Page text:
The Hurricane Heist
- Eddie Harrison
- 2 April 2018
Rob Cohen is at the helm of a truly ridiculous but defiantly enjoyable action-thriller
A franchise as successful as the Fast and Furious films inevitably leaves knock-offs in its wake, from Torque to Overdrive. The Hurricane Heist has more of a pedigree than most, with the director of the first Fast movie, Rob Cohen, behind the wheel – the man who kick-started not only that franchise but also Vin Diesel's stuttering xXx series. As generic as its title, his latest delivers little sense, but pays-out on the action front.
The heist in question is for $600 million, due to be incinerated in a US Treasury mint in the impoverished fictional backwater of Gulfport, Alabama. Standing in the way of a motley bunch of criminals led by Perkins (Ralph Ineson) is unlikely hero Will (Toby Kebbell), a meteorologist by trade, who teams up with his ex-Marine brother Breeze (Ryan Kwanten) to bring the baddies down.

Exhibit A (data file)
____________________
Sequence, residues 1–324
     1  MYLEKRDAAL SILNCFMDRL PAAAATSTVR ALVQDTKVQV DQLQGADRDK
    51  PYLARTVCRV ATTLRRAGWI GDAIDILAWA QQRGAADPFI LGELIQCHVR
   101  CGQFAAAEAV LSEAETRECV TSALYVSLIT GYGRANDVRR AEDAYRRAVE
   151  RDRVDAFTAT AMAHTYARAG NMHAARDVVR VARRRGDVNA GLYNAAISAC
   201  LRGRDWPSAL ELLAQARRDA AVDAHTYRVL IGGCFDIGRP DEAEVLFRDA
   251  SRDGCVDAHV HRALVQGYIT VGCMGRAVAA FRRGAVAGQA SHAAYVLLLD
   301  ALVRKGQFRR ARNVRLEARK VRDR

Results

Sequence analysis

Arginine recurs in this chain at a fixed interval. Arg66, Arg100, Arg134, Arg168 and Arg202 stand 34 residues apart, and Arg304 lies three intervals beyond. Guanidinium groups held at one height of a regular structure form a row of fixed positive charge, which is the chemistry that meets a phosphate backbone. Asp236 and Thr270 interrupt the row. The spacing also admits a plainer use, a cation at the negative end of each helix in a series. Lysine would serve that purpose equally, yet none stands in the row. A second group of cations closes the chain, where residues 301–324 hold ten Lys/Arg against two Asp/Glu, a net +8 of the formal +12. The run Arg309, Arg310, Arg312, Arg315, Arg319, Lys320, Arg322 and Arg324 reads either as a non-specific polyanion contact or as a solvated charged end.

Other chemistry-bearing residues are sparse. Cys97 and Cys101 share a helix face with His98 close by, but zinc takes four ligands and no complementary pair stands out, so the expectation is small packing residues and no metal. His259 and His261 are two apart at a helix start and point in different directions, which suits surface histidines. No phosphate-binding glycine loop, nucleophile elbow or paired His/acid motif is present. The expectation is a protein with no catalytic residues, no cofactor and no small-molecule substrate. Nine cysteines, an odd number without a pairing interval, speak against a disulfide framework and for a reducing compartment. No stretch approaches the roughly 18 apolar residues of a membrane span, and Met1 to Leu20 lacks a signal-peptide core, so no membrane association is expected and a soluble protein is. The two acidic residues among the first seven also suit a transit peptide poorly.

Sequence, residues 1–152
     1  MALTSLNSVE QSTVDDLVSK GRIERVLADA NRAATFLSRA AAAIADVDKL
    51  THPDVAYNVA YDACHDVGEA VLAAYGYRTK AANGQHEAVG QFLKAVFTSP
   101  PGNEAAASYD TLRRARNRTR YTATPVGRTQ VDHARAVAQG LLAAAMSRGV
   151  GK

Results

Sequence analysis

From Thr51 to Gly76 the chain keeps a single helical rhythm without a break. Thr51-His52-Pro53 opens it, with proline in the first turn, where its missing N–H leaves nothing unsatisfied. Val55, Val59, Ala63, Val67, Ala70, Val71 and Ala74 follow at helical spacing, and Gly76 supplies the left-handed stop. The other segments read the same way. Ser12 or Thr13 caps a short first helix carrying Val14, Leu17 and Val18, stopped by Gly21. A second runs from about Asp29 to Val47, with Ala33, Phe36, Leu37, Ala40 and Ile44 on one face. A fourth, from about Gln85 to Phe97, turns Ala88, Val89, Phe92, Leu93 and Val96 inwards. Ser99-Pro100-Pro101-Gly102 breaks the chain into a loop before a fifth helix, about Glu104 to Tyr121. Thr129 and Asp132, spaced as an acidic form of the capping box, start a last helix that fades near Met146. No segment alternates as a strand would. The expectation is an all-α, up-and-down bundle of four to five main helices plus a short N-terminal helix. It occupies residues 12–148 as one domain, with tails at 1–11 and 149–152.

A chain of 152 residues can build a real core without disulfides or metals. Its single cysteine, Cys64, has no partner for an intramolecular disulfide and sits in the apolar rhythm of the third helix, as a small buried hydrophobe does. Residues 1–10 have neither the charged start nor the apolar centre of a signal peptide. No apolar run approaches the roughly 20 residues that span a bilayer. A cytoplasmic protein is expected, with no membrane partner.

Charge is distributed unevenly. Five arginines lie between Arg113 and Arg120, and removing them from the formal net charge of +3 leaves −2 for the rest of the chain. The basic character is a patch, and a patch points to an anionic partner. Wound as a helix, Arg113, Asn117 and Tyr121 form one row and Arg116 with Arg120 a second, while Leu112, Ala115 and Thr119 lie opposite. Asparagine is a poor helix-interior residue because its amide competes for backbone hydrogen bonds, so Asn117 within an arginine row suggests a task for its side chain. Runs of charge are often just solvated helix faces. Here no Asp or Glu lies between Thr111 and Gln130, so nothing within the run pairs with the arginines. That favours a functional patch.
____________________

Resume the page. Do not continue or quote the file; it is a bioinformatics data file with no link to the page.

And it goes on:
Without a big name star to play with, Cohen peppers his cast with unlikely players, including Taken's Maggie Grace and even Chariots of Fire's Ben Cross as a local sheriff. But the director is clearly more interested in the vehicles involved; not just the three huge trucks featuring in the spectacular finale, but in Will's 'Dominator', a Batmobile-style truck-tank he uses for storm-chasing.
The takeaway is that The Hurricane Heist is a deliriously bad film that's easy to enjoy. Will tears the opposition to pieces in truly ridiculous ways, ably assisted by a helpful hurricane that's about as realistic as the tornado in The Wizard of Oz. Underscored with a tragic subplot involving Will's father that's referenced with farcical insensitivity, it's full of sound and fury, signifies absolutely nothing, but is always fun to watch. It may be a far cry from his biggest hits, but Cohen has created an intoxicatingly silly movie perfect for late-night viewing, and it's one that deserves instant cult status.
Screening in selected cinemas and on Sky Cinema from Fri 6 Apr.